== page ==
Tag Archives: эмиграция

International work in an international world. Part III: Why a Blue Card could be your ticket to a new life

Since the moment I saw a lady in the German Embassy in Russia getting her working visa so easily, I also wanted to get one. At least, to feel the same respect she was treated with. Of course, she has been invited by one of the largest international companies, which are looking for smart people for specific projects all over the world. Just one year later, I became a Blue Card holder with the Germany as my first destination. But what does this Blue Card actually mean?

  • Working where you wish. There are countries with a high unemployment rate and with the low ones. Countries with a high employment rates like Germany are focused on attracting the best experts in technical, medical and innovative fields, which leads to a more open visa regime. In other countries like Italy, the unemployment rates are higher. If you are a foreigner from a non-EU country, the Blue Card if your pass to work in Europe and to change employers and countries in a very flexible way, as long as you meet the BC conditions.
  • Taking your family with you. The Blue Card holders are often highly skilled professionals who are be found by large companies and offered a contract in the EU. Even though it is usually a limited contract, one receives an opportunity to move to the new place with the family and to get (often, depending on the country) free integrational and language courses.
  • Helping yourself out. Here comes a small hint: the visa legislation related to Blue Cards differs a bit in European countries, but you should read yours even before you get to touch your very own Blue Card. Why? Because, for instance, in Germany, if your contract expired or was cancelled after 1 full year, you are eligible to an unemployment insurance AND a visa for the job search (3 months with the Blue Card + 3 months usually offered extra) for the whole period of your insurance (which is 6 months if you worked at least 1 year).
  • Getting the permanent residence permit faster. Yes, this is also possible for Blue Card holders with some knowledge of the local language. With time, you will be able to apply for a permanent residence permit (incl. your closest family – wife and children) and stay in the country as long as you wish. Just keep in mind that there is usually am difference between the citizenship and permanent residence permit in a form that you should stay primarily within the country – whenever you want to move within Europe again, have a look at the current legislation 😉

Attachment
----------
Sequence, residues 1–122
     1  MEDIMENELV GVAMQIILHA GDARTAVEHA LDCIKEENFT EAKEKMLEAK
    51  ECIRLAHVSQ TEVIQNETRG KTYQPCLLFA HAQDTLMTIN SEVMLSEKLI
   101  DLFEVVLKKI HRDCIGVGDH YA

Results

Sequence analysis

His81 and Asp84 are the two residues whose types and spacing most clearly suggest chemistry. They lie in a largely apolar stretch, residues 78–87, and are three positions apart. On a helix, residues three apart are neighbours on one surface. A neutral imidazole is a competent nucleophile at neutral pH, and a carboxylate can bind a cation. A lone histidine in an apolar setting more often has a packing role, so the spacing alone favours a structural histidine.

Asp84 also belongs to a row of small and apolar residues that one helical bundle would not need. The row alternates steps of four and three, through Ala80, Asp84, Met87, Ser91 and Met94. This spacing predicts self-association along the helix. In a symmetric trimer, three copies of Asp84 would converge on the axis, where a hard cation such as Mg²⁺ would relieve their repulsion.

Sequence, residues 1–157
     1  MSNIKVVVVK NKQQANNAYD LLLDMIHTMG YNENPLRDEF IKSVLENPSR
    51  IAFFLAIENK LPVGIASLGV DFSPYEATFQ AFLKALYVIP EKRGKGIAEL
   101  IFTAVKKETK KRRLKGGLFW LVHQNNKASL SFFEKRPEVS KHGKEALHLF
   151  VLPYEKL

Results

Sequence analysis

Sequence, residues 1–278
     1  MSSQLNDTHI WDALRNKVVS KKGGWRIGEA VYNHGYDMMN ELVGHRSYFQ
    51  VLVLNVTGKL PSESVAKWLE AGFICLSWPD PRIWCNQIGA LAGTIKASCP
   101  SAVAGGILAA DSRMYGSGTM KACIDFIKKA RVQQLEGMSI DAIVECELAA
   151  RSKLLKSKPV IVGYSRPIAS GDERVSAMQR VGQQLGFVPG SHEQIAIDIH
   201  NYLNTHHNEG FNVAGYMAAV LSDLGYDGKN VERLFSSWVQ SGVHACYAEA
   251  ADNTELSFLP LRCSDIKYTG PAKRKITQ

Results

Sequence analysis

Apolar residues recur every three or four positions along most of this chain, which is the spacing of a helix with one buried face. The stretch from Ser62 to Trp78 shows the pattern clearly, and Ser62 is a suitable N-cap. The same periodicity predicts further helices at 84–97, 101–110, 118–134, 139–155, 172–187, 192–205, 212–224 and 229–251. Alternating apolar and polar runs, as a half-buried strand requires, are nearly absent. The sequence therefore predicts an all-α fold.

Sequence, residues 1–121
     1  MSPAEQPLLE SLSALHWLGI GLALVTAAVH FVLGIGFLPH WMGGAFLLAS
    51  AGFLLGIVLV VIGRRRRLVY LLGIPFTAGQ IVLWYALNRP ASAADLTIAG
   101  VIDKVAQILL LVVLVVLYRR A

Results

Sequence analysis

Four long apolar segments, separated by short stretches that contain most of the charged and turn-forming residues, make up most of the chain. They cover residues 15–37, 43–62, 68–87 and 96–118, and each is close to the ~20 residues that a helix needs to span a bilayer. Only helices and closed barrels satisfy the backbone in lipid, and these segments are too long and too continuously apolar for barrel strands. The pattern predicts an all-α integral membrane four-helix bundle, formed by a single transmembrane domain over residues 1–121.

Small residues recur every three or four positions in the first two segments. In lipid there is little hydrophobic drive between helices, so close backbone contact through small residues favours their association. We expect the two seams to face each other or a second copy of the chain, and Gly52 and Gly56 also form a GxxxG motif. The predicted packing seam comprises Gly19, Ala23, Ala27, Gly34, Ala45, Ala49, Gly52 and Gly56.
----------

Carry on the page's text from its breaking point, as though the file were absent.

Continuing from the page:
Аптечка переселенца: что взять с собой в Европу и Азию

This article is dedicated to Russian medicines, which one can buy without a recepie only in Russia. As the application of such medicines requires good knowledge of the Russian language, there will be no translation of this article for your own safety.

Эта статья вдохновлена подругой, которая выходила замуж во Франции. Её жених отравился в свадебном путешествии, и поиск подходящих медикаментов превратился в ад. Русскоговорящие путешественники часто не учитывают, что сильнодействующие лекарства в большинстве стран ЕС можно купить только по рецепту. Причём сильнодействующий, в понятии европейцев, – любой медикамент, дающий больше, чем просто снятие симптомов.
Безусловно, самолечение – не альтернатива похода к врачу. Но есть ситуации, в которых к врачу попасть сложно. Например, если вы на кемпинге в Баварии. В крохотном домике вдали от цивилизации в Швейцарии. На рынке в Азии, где у вас резко прихватило живот.

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Work & study abroad: defining your real goals. Internship? Work? Volunteering?

You got a new great idea: why don’t you go abroad to get some international experience and improve your English? US sounds great, but a friend of yours had an exchange semester in Thailand in 2015, and enjoying some sun while working sounds like a good idea to you. This idea of “doing something abroad” grows in your mind very fast, and one week later you catch yourself looking at immigration laws of different countries – why should you spend only 6 months abroad if you can LIVE abroad?

Take a dep breath and to think very carefully about your goal (see also my article on Motivation). What do you really want? This might give you some ideas:

  • You just want to explore new countries and to look how other people live
  • You want to exchange experience with colleagues from abroad / to improve your qualification
  • You are deeply unsatisfied with your life in your home country / you want to build a new life abroad

As you may imagine, each of these ways will require from you a different level of motivation, investment of your finance and time. It seems obvious that you need to make your mind before starting the preparations, but too many women just jump into it by hearing: “But if you like it there, you get a boyfriend, get married and stay in the country!” Hey, this is something worth considering – but let’s imagine you are a smart girl depending on yourself. So what do you really want?

In this article, I will focus on the first two points, as there are going to be many posts on the smart immigration topic later.

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